ENGLEWOOD, Colo. --The loss of third-round pick Jeff Heuerman to a torn anterior cruciate ligament dealt a blow to the Broncos' tight end depth. But with Owen Daniels, Virgil Green and James Casey leading the complement, the Broncos still appear to be in reliable hands as they reconstruct their tight end corps.
Daniels and Green appear locked in on the top two spots, and depending on the frequency at which the Broncos use certain personnel groups, could both end up with play counts that reflect being starters. It was appropriate that their contracts were finalized within 24 hours of each other in free agency, because the two are best viewed as a collective as the Broncos work to build a deep tight end complement after Julius Thomas left for the Jaguars and Jacob Tamme joined the Falcons in free agency.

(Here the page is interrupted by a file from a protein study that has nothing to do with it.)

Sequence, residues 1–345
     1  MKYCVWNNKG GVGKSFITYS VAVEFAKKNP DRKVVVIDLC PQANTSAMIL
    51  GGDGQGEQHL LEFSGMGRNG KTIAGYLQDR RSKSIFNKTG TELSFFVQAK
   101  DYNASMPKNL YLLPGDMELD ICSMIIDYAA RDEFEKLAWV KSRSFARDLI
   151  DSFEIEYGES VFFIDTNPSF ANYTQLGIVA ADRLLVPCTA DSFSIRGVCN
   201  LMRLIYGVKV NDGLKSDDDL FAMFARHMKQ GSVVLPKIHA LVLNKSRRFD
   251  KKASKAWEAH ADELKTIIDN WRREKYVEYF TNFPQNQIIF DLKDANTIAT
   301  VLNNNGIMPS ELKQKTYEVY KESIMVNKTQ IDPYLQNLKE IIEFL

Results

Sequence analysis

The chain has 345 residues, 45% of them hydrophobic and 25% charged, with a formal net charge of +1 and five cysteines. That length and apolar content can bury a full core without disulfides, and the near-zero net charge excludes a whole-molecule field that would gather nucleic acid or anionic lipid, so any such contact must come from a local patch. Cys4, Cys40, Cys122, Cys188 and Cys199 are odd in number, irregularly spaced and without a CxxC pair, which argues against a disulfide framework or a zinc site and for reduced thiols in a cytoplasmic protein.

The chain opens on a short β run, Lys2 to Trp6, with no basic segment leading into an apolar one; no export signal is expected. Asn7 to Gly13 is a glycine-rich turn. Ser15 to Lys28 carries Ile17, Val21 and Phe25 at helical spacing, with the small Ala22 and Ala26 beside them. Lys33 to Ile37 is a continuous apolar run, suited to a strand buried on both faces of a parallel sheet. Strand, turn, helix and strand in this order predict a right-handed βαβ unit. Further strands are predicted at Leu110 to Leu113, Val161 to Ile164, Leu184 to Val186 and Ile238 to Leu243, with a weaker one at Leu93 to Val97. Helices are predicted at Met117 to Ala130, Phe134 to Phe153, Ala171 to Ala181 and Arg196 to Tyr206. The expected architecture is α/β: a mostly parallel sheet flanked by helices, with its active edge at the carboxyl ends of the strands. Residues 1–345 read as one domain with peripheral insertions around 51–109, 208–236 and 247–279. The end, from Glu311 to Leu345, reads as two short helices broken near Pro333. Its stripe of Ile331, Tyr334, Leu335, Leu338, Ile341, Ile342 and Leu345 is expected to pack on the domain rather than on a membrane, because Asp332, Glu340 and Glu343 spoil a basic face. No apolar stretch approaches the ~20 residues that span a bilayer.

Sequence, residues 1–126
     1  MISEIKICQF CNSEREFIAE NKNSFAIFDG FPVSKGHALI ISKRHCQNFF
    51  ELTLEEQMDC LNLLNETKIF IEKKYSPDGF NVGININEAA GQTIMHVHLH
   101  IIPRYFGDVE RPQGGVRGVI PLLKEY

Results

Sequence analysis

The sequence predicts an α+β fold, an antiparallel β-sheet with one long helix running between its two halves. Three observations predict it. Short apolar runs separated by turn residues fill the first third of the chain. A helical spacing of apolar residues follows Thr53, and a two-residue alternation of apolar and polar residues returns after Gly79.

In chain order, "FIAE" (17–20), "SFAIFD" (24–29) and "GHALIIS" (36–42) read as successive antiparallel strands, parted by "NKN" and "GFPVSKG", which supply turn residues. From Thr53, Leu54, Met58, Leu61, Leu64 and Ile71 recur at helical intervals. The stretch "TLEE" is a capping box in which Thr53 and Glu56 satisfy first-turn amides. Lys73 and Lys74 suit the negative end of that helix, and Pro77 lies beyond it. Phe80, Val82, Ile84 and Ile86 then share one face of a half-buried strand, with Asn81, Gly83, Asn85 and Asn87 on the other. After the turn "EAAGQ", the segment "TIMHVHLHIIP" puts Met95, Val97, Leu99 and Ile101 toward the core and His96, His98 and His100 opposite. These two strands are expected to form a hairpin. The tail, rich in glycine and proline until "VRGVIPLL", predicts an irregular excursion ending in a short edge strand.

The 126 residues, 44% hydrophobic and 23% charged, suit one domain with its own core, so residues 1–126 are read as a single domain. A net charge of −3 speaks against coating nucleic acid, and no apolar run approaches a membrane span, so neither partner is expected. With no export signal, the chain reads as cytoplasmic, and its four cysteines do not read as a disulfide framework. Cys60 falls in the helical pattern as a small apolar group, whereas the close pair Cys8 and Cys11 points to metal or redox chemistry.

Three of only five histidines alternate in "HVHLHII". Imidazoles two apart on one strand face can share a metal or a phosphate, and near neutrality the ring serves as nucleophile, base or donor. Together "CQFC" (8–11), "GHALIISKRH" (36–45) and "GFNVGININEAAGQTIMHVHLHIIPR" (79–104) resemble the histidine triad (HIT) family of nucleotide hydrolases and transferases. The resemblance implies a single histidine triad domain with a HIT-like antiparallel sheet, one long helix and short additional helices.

Replacing a two-time Pro Bowler like Thomas isn't easy -- especially one who scored 24 touchdowns the last two years, becoming the club's most prolific pass-catching tight end since Shannon Sharpe. But by tweaking how the tight ends are used and building a deeper, more versatile group with Daniels, Green and April signee Casey, the Broncos hope they can get more out of the position, even without the marquee name at the top of the depth chart.
Daniels has experience in Head Coach Gary Kubiak's offense -- so much, in fact, that he has never played an NFL game without Kubiak on his team's coaching staff, since Kubiak's 2013 transient ischemic attack -- colloquially called a "mini-stroke" -- and later dismissal from the Texans came after Daniels was placed on injured reserve that year with a broken leg.